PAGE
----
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Plymouth’s Derriford Hospital has capacity to spare after HSCN upgrade
University Hospitals Plymouth NHS Trust is unleashing the potential of digital for health after fixing up its internet connectivity with an upgrade to the new Health and Social Care Network
University Hospitals Plymouth NHS Trust (UHPNT) is reaping the benefits of hosted digital services for healthcare and has big plans to go further still, after swapping out its run-down N3 broadband service for a new connection into NHS Digital’s Health and Social Care Network (HSCN).
The trust’s hub at Plymouth’s 900-bed Derriford Hospital is one of the largest medical facilities in southwest England, employing about 6,500 staff to provide general district hospital services to around 400,000 people in and around Plymouth. It is also a regional trauma centre and provides specialist services such as cardiac, oncology and renal surgery for all of Devon and Cornwall.
Also, its IT team provides services and support to Livewell South West, a community-interest social enterprise set up a couple of years ago, which employs about 2,500 people in mental health, community and rehabilitation services.
UHPNT IT manager Rob Harder takes up the story. This time last year, the trust had two N3 links serving its organisations, a 100Mbps link from Derriford and a second 25Mbps link from nearby Mount Gold Hospital, home to the Livewell organisation.
“For two to three years we were suffering during a growing period of the day, from about 7.30am to 4.30pm, when our bandwidth available to connect to N3 was saturated, and no level of quality of service [QoS] could compensate for the fact we had outgrown the capacity of the connectivity available to us,” says Harder.
“We were unable, because of the constraints of the contract between ourselves and NHS Digital, to get any more connectivity than we had, and we had outgrown it, which was having a significant impact on a number of services.”
With UHPNT increasingly looking to run services in the cloud – a number of key services, including patient administration, email and clinical radiology, were already run in software–as-a-service (SaaS) form over N3 before the HSCN upgrade – the situation was becoming increasingly untenable.
Making matters worse, although both the N3 links theoretically had resilient backups, the actual levels of resilience they could have provided in the event of a genuine IT disaster was an issue, with a number of backup routers being held in the same racks with the same power supplies.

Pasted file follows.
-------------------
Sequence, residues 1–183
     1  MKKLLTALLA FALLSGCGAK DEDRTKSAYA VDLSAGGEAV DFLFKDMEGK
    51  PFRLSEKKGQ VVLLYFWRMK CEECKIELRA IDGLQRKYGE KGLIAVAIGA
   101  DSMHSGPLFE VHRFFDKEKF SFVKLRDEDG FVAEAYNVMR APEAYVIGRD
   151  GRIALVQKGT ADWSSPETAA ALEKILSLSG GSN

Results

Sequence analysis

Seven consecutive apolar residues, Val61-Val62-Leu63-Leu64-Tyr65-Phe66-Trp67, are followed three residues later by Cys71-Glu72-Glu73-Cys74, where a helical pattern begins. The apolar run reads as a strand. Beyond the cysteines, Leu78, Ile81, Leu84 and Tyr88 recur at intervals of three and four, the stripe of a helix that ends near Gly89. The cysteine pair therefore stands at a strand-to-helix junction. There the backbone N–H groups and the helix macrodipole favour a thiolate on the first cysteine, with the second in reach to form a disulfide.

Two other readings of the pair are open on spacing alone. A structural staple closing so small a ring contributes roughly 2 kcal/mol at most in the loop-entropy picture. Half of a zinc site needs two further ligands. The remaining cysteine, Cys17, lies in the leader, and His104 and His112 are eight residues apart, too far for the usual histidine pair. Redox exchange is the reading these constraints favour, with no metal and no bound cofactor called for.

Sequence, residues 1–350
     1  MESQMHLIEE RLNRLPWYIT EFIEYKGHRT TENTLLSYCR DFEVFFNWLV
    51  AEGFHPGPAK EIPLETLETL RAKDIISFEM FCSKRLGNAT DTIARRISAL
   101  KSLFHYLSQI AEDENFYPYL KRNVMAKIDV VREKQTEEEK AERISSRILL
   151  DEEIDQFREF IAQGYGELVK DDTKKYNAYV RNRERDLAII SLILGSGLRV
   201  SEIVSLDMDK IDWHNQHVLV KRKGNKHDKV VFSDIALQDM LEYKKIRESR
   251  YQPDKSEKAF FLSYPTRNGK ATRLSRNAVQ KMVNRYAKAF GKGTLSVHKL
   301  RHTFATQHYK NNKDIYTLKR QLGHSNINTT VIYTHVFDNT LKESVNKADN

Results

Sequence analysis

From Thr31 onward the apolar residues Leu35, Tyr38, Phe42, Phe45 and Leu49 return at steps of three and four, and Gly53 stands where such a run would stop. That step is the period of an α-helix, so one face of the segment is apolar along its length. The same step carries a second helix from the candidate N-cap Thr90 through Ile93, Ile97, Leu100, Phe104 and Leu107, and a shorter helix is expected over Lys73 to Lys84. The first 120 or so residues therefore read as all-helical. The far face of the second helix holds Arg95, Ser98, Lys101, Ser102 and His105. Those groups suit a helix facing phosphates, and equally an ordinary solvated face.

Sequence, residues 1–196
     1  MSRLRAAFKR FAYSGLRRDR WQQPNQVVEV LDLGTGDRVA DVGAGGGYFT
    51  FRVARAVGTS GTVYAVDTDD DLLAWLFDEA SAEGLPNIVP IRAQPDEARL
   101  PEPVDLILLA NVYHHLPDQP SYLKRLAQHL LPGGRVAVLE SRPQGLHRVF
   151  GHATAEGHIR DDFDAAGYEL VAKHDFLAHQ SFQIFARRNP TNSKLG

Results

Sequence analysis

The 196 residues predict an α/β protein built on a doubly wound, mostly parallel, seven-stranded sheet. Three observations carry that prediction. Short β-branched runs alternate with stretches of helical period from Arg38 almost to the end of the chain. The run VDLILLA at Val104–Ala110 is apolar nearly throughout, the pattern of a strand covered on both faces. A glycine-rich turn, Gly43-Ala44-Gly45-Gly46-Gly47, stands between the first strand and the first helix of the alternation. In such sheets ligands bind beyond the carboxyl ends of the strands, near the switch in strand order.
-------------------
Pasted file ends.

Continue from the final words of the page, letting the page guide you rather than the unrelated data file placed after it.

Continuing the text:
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It was clear that N3 – which dates back to the early 2000s and was run entirely by BT – was no longer up to the job, so when the opportunity to move to HSCN came along, Harder was determined to be an early adopter.
“The N3 contract was too long and outgrew itself before the opportunity to refresh and replace came along,” he says. “Going from N3 to HSCN is a natural evolution of network connectivity for health and social care organisations, and when the HSCN initiative was introduced, we were really keen to go early because through discussions with NHS Digital we realised we would be able to get more bandwidth, and there would be more suppliers, which would introduce competition, which is always good for driving down costs.”
UHPNT was already involved with the Devon Sustainability and Transformation Partnership (STP) IT group, which collectively decided to run a countywide procurement for HSCN – something actively promoted by NHS Digital – led by Plymouth back in the summer of 2017. The group received bids from eight suppliers, and went with Buckinghamshire-based MLL Telecom because, according to Harder, the cost and quality of the bid were head and shoulders above the rest.
The contract with MLL was agreed at the end of 2017, with implementation set to begin in January 2018. However, Harder admits he was uneasy at the prospect.
“It’s fair to say the state of network connectivity in the UK is still quite poor,” he says. “While it’s extensive and thorough in built-up urban areas, even in Plymouth, where we have cable Virgin Media competing with BT, it still astonishes me sometimes how poor connectivity is and how long the lead times are for connectivity services.
“I say this on the basis that when we went into the project, I didn’t have great expectations from an implementation perspective. I worried we were going to hit problems with delays, despite MLL doing everything it had to do.”